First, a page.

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Unpaid Professionals: Commercialism and Conflict in Big-Time College Sports

by

Unpaid Professionals: Commercialism and Conflict in Big-Time College Sports Cover

 

Synopses & Reviews

Publisher Comments:

"Even for the best-intentioned coaches and athletic directors, the landscape of big-time college sports is increasingly treacherous. Is any part of the 'ideal' of college sports salvageable? Andrew Zimbalist's book makes a valuable contribution for the consideration of that question."--Bob Costas

"In the straightforward, analytical manner that is the trademark of his work, Zimbalist clarifies the contradictions inherent in the paradoxical marriage between higher education and big-time college athletics. He challenges the NCAA to come to grips with some of the less appealing by-products of the organization's phenomenal growth and success."--Billy Hunter, executive director, National Basketball Players Association

"It's impossible to read this unsparing examination of the tension between the noble ideals of the academy and the base reality of the athletic-industrial complex that the academy has created, and not wonder: Why do we put up with it?"--Alexander Wolff, senior writer with Sports Illustrated, coauthor of Raw Recruits

"Zimbalist has executed a masterful analysis of how and why colleges and universities have increasingly commercialized athletic programs. He unmasks the dichotomy of the 'student-athlete' and reveals the reality and shortcomings of their compensation systems. His insightful look at the economic and government pressures compounding this schizophrenic system and his recommendations for either changing it or more effectively coping make for 'must' reading by any student or fan of sports."--Donna A. Lopiano, Ph.D., Executive Director, Women's Sports Foundation

"Through hard-headed investigation, detailed analysis, and lively storytelling, Andrew Zimbalist confirms the truth about major college athletics: that commercial motives and rewards give lie to the very ideals that define higher education. Unpaid Professionals is the starting point for all readers interested in knowing how we reached this sad state of affairs, and how we can get beyond it."--Tom McMillen, Head of the President's Council on Physical Fitness, and former NBA player and US congressman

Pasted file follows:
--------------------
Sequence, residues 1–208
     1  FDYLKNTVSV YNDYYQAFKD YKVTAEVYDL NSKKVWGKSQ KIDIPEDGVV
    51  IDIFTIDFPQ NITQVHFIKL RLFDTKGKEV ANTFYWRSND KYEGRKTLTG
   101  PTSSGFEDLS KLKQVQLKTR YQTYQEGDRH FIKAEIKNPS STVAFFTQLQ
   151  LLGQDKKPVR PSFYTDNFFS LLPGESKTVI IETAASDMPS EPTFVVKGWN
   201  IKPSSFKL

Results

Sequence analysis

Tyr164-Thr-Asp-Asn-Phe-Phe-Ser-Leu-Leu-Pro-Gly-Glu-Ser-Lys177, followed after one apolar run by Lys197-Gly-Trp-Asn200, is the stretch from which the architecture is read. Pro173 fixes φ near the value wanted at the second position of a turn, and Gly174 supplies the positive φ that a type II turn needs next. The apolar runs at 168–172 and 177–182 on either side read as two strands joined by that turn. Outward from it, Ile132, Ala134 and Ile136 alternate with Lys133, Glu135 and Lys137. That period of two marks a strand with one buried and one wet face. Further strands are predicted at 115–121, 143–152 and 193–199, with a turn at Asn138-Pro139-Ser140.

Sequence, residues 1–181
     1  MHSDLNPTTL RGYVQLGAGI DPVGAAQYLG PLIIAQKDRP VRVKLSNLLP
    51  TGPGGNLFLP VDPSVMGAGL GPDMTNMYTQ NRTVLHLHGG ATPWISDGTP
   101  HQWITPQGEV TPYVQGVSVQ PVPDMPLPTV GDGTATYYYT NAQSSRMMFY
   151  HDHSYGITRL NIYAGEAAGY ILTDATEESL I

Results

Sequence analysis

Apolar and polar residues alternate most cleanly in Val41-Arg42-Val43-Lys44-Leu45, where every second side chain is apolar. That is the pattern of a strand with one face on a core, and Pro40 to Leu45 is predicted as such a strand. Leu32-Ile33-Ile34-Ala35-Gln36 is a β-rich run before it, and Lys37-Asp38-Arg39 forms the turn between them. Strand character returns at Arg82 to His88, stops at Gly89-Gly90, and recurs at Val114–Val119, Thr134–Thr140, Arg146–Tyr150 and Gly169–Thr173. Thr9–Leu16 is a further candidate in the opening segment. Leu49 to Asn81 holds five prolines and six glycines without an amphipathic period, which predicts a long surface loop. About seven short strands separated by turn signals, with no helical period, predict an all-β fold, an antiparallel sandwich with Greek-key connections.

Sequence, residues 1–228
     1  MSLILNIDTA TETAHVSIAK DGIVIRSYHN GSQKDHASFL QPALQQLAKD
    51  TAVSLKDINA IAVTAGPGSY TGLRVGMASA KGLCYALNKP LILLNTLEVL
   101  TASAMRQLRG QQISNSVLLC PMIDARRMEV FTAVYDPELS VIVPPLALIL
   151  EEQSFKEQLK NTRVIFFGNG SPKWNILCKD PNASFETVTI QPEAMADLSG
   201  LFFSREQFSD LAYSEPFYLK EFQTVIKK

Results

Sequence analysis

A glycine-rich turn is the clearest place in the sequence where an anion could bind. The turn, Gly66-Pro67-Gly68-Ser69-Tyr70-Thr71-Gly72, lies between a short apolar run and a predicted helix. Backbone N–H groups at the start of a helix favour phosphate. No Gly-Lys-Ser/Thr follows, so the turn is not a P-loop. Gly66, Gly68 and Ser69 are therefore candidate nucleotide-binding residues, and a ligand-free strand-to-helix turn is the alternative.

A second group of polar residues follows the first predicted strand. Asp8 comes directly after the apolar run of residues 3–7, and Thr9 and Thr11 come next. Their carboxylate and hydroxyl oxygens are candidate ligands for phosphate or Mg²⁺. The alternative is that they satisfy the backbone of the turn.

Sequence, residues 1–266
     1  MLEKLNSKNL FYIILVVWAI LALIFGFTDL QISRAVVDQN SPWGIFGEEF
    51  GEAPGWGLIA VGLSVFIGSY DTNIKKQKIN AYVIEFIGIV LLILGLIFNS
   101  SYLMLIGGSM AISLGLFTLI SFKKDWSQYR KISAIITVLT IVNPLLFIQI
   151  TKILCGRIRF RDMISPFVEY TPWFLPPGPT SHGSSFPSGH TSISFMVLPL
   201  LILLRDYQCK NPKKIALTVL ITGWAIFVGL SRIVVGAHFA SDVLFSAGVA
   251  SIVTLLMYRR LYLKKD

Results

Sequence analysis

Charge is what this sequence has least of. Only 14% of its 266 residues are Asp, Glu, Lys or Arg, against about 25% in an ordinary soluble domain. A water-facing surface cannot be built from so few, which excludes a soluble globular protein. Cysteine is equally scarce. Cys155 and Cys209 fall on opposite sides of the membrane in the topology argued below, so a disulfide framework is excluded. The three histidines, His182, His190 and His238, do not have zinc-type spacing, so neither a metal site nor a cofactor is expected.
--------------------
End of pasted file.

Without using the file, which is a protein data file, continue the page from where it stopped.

"Andrew Zimbalist's book shatters the myth of the purity of college athletics and exposes it for what it is, big business. This insightful look into college athletics should be required reading for all incoming student-athletes."--Jim McIlvaine, center, New Jersey Nets, NBA

"In the coming decade, as big-time college sports and the NCAA are increasingly attacked, particularly in the courts, you will often see Professor Andrew Zimbalist as an expert witness. No economist understands intercollegiate athletics better, nor can explain the greed and avarice of its proponents more coherently. Unpaid Professionals is Zimbalist's masterful summing up of the history of college sports, its present predicament, and its uncertain prospects. If every American interested in this subject read this book, real reform would come to big-time college sports."--Murray Sperber, author of Onward to Victory: The Crises That Shaped College Sports

"This is a superbly researched book, as might be expected from someone with Zimbalist's reputation and accomplishments. It contains more information on the history and inside workings of the NCAA than anything I have ever seen in print."--James Quirk, coauthor of Hard Ball and Pay Dirt

Synopsis:

"Even for the best-intentioned coaches and athletic directors, the landscape of big-time college sports is increasingly treacherous. Is any part of the 'ideal' of college sports salvageable? Andrew Zimbalist's book makes a valuable contribution for the consideration of that question."--Bob Costas

"In the straightforward, analytical manner that is the trademark of his work, Zimbalist clarifies the contradictions inherent in the paradoxical marriage between higher education and big-time college athletics. He challenges the NCAA to come to grips with some of the less appealing by-products of the organization's phenomenal growth and success."--Billy Hunter, executive director, National Basketball Players Association

"It's impossible to read this unsparing examination of the tension between the noble ideals of the academy and the base reality of the athletic-industrial complex that the academy has created, and not wonder: Why do we put up with it?"--Alexander Wolff, senior writer with Sports Illustrated, coauthor of Raw Recruits

"Zimbalist has executed a masterful analysis of how and why colleges and universities have increasingly commercialized athletic programs. He unmasks the dichotomy of the 'student-athlete' and reveals the reality and shortcomings of their compensation systems. His insightful look at the economic and government pressures compounding this schizophrenic system and his recommendations for either changing it or more effectively coping make for 'must' reading by any student or fan of sports."--Donna A. Lopiano, Ph.D., Executive Director, Women's Sports Foundation

"Through hard-headed investigation, detailed analysis, and lively storytelling, Andrew Zimbalist confirms the truth about major college athletics: that commercial motives and rewards give lie to the very ideals that define higher education. Unpaid Professionals is the starting point for all readers interested in knowing how we reached this sad state of affairs, and how we can get beyond it."--Tom McMillen, Head of the President's Council on Physical Fitness, and former NBA player and US congressman